Todd Handcock of Collinson Group during November’s CAPA Live virtual session Todd Handcock of Collinson Group during November’s CAPA Live virtual session

More ups and downs on way

Confidence levels amongst senior aviation managers and travel experts is edging slightly up, but there is still plenty of pessimism and uncertainty around – particularly in Asia-Pacific, according to research released at the CAPA Centre for Aviation Live sessions in November.

The Industry Pulse Survey undertaken in September by Collinson Group, in partnership with CAPA, revealed that 37% of respondents now expected a full recovery to 2019 levels in 2023. This was up from 31% in April.

Todd Handcock, president Asia-Pacific with Collinson, says 26% expect it to come earlier, in 2022, while just over a quarter of respondents don’t envisage pre-pandemic levels of travel until 2024 and less than 10% think we’ll be waiting until 2025.

Handcock says short haul leisure and VFR is still expected to lead the recovery, but that numbers are down.

‘In April 71% of respondents felt that short haul leisure travel would show a solid recovery (in 2022), but in September that number dropped to 60%.

‘In Asia-Pacific the mood is even more sombre, with only 53% expecting a recovery in 2022 to 2019 levels.

‘Unfortunately we are still looking at being first in, last out for Asia-Pacific.’

He says the confidence around business travel is lower. In APAC, 24% see short haul business travel recovering to more than 60% of the 2019 levels and only 8%think it will reach 80% of the pre-pandemic situation.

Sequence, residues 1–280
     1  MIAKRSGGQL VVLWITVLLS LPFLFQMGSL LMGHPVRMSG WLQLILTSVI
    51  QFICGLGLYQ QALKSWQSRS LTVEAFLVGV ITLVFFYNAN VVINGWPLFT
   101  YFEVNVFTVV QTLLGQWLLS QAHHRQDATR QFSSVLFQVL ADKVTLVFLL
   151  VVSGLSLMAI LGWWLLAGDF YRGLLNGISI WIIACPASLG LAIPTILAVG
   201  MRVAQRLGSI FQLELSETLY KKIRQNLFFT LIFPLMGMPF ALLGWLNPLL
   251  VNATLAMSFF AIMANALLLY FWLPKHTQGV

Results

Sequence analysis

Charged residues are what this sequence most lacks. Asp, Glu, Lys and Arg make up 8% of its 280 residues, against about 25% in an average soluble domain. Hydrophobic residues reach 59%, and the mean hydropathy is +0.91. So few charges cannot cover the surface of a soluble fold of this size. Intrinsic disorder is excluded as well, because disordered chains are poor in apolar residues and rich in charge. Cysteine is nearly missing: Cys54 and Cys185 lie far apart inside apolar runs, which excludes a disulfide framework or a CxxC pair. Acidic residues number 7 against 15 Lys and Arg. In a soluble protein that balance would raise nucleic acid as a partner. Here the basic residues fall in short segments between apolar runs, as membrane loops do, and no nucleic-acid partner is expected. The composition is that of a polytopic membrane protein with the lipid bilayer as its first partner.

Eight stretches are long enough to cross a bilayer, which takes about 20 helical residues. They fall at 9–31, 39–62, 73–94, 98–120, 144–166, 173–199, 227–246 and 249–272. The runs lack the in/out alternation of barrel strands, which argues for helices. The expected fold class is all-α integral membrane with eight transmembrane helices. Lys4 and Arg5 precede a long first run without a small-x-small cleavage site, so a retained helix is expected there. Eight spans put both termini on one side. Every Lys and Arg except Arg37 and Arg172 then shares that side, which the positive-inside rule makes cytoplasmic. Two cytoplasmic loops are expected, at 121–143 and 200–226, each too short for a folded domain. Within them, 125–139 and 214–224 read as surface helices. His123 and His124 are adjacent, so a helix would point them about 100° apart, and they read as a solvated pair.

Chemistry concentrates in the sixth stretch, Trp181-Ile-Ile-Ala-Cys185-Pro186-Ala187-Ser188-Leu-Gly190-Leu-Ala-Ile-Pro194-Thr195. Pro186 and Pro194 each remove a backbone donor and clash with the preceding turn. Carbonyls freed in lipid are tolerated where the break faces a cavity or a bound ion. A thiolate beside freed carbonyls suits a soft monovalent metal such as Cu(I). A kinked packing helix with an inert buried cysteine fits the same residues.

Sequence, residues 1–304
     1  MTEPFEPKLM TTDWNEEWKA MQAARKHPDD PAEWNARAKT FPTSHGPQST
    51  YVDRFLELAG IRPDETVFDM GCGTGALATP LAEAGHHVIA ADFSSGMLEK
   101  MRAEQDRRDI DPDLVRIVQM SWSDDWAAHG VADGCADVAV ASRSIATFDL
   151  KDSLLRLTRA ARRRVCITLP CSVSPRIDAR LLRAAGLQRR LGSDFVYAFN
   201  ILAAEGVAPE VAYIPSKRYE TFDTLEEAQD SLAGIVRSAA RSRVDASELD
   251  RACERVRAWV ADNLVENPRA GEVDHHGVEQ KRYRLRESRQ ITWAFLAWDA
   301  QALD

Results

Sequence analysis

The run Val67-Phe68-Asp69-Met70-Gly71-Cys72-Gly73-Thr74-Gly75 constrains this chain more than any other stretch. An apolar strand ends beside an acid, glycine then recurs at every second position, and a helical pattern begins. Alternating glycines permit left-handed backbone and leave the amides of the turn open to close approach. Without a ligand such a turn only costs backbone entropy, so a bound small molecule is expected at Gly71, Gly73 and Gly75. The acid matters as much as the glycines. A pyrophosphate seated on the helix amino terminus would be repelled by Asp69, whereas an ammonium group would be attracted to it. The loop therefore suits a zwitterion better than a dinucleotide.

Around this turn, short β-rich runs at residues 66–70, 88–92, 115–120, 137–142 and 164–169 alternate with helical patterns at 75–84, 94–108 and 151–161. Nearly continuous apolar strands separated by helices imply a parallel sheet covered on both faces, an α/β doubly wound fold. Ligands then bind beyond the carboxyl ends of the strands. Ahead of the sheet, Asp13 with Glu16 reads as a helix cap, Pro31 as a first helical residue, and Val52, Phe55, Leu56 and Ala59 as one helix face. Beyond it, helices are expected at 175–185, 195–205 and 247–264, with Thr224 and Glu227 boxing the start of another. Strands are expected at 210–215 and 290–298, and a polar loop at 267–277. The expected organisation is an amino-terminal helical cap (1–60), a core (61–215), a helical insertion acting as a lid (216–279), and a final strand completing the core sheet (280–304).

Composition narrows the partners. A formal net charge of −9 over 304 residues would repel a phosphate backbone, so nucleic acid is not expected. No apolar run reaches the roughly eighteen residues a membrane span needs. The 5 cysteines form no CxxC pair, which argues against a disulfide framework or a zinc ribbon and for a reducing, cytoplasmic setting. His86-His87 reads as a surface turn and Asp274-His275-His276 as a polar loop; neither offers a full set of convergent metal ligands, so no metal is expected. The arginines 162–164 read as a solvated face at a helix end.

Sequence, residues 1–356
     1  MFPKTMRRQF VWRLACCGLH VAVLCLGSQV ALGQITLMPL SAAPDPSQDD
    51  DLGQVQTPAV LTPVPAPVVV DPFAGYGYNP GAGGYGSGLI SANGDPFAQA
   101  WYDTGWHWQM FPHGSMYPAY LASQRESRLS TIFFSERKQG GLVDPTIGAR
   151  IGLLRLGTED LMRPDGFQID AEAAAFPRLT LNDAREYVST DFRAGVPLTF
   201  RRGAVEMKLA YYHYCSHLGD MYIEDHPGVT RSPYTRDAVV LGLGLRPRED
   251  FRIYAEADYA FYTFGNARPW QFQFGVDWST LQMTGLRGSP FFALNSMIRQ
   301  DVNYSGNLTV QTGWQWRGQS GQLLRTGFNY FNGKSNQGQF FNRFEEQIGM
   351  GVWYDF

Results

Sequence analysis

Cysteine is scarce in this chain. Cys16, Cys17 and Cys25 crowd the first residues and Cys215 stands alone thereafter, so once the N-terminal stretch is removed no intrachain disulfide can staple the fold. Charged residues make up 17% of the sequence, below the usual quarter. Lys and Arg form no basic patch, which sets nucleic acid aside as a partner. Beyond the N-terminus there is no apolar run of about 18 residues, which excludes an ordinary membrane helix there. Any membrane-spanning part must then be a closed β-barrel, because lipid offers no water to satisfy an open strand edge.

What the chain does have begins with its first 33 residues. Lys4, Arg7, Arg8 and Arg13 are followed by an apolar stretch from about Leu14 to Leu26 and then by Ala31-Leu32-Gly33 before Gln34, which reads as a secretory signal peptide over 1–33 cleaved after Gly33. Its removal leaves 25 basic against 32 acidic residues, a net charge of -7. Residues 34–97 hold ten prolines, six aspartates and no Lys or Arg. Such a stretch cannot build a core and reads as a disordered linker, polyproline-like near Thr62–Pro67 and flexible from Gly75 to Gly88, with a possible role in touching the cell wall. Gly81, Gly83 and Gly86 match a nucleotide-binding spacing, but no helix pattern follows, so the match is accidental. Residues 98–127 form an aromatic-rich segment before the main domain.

APAC, along with Africa, is also the most pessimistic when it comes to long haul business travel – 37% of respondents feel this sector will not reach 20% of 2019 levels in 2022.

In a separate session, Michael McCormick, co-founder and CEO of Travel Again, noted that the company’s latest research showed a definite feeling of confidence amongst travellers, particularly as vaccination rates rise.

‘Leisure is really leading the way, but the business travel index is creeping up too.’

He says only 8.8% of business respondents to the index said they were intending to travel less than before.

‘Almost two said they either already are or will travel as frequently in 2022 (as they did pre-pandemic). Others said they would be travelling in 2023. So I don’t expect any long-term real impact on business travel.’

Staying competitive will drive business travel recovery

Competition will ultimately drive the strong return of business travel, according to Michael McCormick of Travel Again LLC.

Presenting the latest findings of the Travel Again Index during CAPA Live this week, McCormick noted that business travel is likely to come back into budgets next year.

‘When your competitor is out there doing business again, and seeing customers that will drive you to the same. It is vital to relationships. After every crisis the recovery has happened that way and it will do that this time too.’

Travellers will look for ‘de-stress spaces’

Aviation and travel experts expect frequent travellers in the future to be looking for socially distanced spaces in which they can shake off extra stresses involved in flying.

The latest Industry Pulse Survey by Collinson Group shows that 87% of respondents say that some frequent flyers will have mental health issues associated with the conditions and demands of  ‘new travel’.

They say having access to spaces where they can segregate and relax will be a key factor in the airport and other travel experiences.

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